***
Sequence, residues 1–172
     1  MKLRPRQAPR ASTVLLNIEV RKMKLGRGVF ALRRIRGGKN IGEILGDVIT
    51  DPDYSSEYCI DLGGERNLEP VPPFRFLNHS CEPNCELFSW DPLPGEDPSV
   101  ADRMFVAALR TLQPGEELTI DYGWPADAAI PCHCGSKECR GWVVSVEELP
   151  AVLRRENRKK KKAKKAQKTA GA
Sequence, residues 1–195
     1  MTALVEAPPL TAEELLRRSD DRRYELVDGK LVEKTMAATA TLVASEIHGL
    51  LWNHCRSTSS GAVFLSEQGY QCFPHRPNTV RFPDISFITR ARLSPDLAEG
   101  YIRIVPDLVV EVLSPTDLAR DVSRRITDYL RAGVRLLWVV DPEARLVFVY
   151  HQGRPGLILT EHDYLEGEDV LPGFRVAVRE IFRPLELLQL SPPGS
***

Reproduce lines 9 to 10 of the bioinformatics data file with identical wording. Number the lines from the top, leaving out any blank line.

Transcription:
   101  YIRIVPDLVV EVLSPTDLAR DVSRRITDYL RAGVRLLWVV DPEARLVFVY
   151  HQGRPGLILT EHDYLEGEDV LPGFRVAVRE IFRPLELLQL SPPGS